Frank Drake and the Drake equation

I was saddened to find out about the recent death, at the age of 92, of Frank Drake, one of the pioneers of SETI. One of the things he is most famous for is the equation bearing his name which estimates the number of intelligent civilisations in our galaxy, the Drake equation.

As a tribute to him I have reposted the blog post on this topic I wrote  back in 2014.

Revised Original post

The Earth is one of eight planets which orbit the Sun. The Sun is an ordinary star among the 100 billion or so stars in our Milky Way galaxy.  The Milky Way itself is an average-size galaxy. To me one of the most fascinating questions is :

How likely is it that there are other intelligent civilizations within our galaxy ?

Milky Way from outside

The Milky Way- Image credit ESO

Drake’s Equation and the seven numbers

Frank Drake (1930-2022) was an American astronomer who was often known as “The ‘Father of SETI”‘ In 1960, he was the first person to conduct a serious scientific search for radio signals from alien civilisations.

.  FrankDrake

Frank Drake- Image credit Wikimedia Common

In 1961 he invented an equation to estimate the number of intelligent civilizations within our galaxy that we could communicate with, which he gave the symbol N.  To arrive at N,  Drake multiplied together seven other numbers.

N=  R*  x  FP  x  NE x FL x FI x FC x L

Drake’s seven numbers are follows:

  • R* is the number of average number of stars formed per year in our galaxy. This has a value of about 10.
  • FP is the fraction of the stars within our galaxy which have a planetary system with one or more planets, expressed on a scale of 0 to 1. A value of 1 means that all stars have planets. 0 means that no stars have planets. Current estimates are around 0.2 to 0.5.
  • NE is the average number of bodies, either planets or moons of planets, with the right conditions to support life. Current estimates for this vary widely, but it is sometimes considered to have a value of 0.4, meaning that out of every 10 stars which have planets, 4 have bodies which could support life.
  • FL is the fraction of bodies with the right conditions to support life on which life actually evolves, expressed on a scale of 0 to 1.  A value of 1 means that on all  planets with the right conditions life will evolve.There is no consensus among astronomers about the value of FL. If, in the future, life is found in other places in our solar system which have the right conditions  e.g Mars, or in the warm underground oceans of Saturn’s moon Enceladus (see here for more information) then it would be reasonable to assume that, given the right conditions, in general life will evolve and FL is nearly 1.
Enceladus Ice Volcano

A geyser of warm water erupting from an underground ocean on Enceladus. Image from NASA

  • FI is the fraction of bodies having life, on which life has evolved into intelligent civilisations, expressed on a scale of 0 to 1. Again, there is no consensus among astronomers about what this value should be. Enthusiasts for extra terrestrial intelligence such as Drake believe that the value is close to 1, meaning that intelligent life will always evolve. Others who believe that it was a highly improbable chain of events which led to the eventual evolution of man from single celled creatures believe the value is very low.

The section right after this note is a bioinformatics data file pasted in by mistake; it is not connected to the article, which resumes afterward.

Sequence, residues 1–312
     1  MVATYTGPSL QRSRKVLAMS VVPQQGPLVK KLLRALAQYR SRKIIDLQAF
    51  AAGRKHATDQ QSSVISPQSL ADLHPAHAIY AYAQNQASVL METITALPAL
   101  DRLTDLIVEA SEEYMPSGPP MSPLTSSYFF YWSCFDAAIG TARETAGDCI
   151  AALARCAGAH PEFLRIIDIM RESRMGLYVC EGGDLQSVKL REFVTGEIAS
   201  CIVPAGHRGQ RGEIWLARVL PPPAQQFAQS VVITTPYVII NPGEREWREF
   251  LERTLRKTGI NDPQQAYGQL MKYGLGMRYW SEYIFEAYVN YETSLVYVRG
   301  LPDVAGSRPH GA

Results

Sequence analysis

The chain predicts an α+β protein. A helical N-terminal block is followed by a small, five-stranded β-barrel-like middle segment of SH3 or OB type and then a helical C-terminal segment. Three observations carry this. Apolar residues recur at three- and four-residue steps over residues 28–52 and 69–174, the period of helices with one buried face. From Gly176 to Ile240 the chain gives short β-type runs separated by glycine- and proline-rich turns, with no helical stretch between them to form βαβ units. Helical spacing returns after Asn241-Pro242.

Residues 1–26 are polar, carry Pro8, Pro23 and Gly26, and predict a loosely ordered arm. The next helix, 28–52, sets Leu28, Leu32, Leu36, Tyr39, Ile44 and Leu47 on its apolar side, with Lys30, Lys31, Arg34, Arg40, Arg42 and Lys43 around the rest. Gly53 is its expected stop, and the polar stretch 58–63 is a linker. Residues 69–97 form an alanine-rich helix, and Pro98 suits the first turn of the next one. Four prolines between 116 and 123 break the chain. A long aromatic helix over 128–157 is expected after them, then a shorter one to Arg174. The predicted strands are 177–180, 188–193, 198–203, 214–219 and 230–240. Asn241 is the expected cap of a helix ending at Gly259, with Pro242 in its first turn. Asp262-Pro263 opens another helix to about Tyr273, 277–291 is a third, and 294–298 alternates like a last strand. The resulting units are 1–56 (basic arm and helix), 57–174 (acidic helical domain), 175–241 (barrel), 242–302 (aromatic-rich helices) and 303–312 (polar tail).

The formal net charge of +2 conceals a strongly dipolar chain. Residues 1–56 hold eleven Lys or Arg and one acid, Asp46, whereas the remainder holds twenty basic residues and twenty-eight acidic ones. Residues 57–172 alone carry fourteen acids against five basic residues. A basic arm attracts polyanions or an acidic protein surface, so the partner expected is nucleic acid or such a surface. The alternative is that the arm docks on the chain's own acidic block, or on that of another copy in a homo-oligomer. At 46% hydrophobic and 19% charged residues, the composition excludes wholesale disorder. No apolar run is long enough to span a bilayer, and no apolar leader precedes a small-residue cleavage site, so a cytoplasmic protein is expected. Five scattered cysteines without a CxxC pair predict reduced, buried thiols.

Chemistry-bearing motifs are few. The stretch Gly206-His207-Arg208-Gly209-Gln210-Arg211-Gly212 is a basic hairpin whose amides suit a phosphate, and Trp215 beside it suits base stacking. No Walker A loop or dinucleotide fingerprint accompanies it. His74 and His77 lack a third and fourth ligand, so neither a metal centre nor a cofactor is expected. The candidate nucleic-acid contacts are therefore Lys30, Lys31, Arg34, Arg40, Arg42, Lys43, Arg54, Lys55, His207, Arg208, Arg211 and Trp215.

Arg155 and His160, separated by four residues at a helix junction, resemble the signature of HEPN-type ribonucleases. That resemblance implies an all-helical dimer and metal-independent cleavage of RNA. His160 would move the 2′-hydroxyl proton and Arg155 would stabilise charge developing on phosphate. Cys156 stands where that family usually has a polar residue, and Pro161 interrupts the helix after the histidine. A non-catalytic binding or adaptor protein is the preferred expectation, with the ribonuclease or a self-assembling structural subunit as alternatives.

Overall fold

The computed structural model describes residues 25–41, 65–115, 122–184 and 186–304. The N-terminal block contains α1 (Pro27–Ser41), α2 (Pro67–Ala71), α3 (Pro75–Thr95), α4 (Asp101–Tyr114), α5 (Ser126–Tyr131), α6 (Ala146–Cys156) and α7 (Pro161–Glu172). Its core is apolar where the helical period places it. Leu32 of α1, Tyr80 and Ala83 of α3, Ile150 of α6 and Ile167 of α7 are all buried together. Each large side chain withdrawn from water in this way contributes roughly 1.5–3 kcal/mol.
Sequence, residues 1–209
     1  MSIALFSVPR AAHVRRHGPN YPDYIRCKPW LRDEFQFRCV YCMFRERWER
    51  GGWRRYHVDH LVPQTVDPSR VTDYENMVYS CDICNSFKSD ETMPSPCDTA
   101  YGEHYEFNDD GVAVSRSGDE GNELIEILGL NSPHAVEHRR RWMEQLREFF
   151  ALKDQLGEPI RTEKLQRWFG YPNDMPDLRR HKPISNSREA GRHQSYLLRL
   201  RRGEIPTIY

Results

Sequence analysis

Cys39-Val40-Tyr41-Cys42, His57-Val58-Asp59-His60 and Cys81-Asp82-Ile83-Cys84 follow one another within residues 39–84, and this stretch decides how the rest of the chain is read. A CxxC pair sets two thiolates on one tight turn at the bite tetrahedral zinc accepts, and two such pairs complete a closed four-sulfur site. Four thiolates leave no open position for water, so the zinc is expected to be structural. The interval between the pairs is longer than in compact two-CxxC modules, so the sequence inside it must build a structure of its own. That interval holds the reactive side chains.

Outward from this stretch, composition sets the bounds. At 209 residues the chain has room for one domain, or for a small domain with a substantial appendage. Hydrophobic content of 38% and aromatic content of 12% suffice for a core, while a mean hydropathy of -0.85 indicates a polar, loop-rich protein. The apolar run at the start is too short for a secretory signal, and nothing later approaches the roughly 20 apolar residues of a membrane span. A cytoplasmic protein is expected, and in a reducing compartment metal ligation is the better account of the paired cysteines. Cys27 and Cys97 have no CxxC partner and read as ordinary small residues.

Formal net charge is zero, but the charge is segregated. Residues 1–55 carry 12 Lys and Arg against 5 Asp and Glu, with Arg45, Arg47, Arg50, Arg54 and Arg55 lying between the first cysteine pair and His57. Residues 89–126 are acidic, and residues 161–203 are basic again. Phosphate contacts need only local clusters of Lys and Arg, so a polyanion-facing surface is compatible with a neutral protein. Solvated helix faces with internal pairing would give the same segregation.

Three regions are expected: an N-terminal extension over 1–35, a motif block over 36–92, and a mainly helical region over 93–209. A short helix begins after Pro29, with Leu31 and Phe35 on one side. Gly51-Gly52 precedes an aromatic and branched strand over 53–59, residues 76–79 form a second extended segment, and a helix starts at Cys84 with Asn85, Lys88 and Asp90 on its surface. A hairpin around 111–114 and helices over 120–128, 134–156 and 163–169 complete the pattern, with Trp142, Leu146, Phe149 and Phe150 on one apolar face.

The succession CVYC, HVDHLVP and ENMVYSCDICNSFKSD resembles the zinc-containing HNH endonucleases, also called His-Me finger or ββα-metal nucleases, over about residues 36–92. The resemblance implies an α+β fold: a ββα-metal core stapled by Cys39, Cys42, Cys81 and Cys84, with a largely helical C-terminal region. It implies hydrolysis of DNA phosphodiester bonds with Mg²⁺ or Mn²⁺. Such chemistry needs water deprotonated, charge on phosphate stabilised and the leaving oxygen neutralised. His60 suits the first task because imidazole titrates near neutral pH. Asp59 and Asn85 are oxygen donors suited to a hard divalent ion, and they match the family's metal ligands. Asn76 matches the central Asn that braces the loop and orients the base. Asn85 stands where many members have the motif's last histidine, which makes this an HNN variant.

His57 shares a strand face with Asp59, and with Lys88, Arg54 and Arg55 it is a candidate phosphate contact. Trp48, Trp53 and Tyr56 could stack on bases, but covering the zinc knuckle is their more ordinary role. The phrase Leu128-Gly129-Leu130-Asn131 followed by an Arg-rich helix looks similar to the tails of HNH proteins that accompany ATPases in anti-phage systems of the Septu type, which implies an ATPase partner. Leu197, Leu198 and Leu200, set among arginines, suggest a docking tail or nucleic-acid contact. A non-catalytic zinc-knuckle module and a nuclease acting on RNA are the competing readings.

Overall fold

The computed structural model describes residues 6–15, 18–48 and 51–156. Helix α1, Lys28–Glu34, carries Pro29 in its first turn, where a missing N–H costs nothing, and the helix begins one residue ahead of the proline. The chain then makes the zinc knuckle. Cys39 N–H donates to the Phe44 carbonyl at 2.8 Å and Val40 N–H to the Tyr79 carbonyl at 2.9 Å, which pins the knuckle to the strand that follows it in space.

• FC is the fraction of bodies with intelligent life which develop a technology that releases signs of their existence into space. For example, on Earth TV and radio signals escape into space and could be picked up by a nearby alien intelligence with a sensitive enough receiver tuned to the right frequency. No one knows what the value of FC is, but current estimates are around 0.2.
  • L is the average lifetime of a civilisation in years. This could be very short if civilisations end up destroying themselves once they have discovered nuclear weapons – or it could be hundreds of millions of years.

The Optimists’ View.

As said previously, no one really knows what the values of most of the terms in the Drake equation are. If we go for values at the high end (FP= 0.5, NE=0.4, FL=1, FI=1, FC=0.2, L= 100 million) then we get the following:

N= 10 x 0.5 x 0.4 x 1 x 1 x 0.2 x 100,000,000

which works out as 40 million intelligent communicating civilisations in our galaxy!

One of the problems with such a large number is that we would expect a significant fraction of civilisations to be more advanced than us. Humans have only been civilised for a few thousand years and have already travelled into space.  If a civilisation had been around for more than 1 million years, for example, it is likely that they would have developed the ability to travel the vast distances to other planetary systems and would have already attempted to make contact with us. The fact that they haven’t may mean that civilisations much more advanced than us are rare.

Indeed for over fifty years, since the pioneering work of Drake in 1960, astronomers have been looking for radio signals from nearby civilisations over a wide range of radio frequencies and have failed to find anything.

Could we be alone ?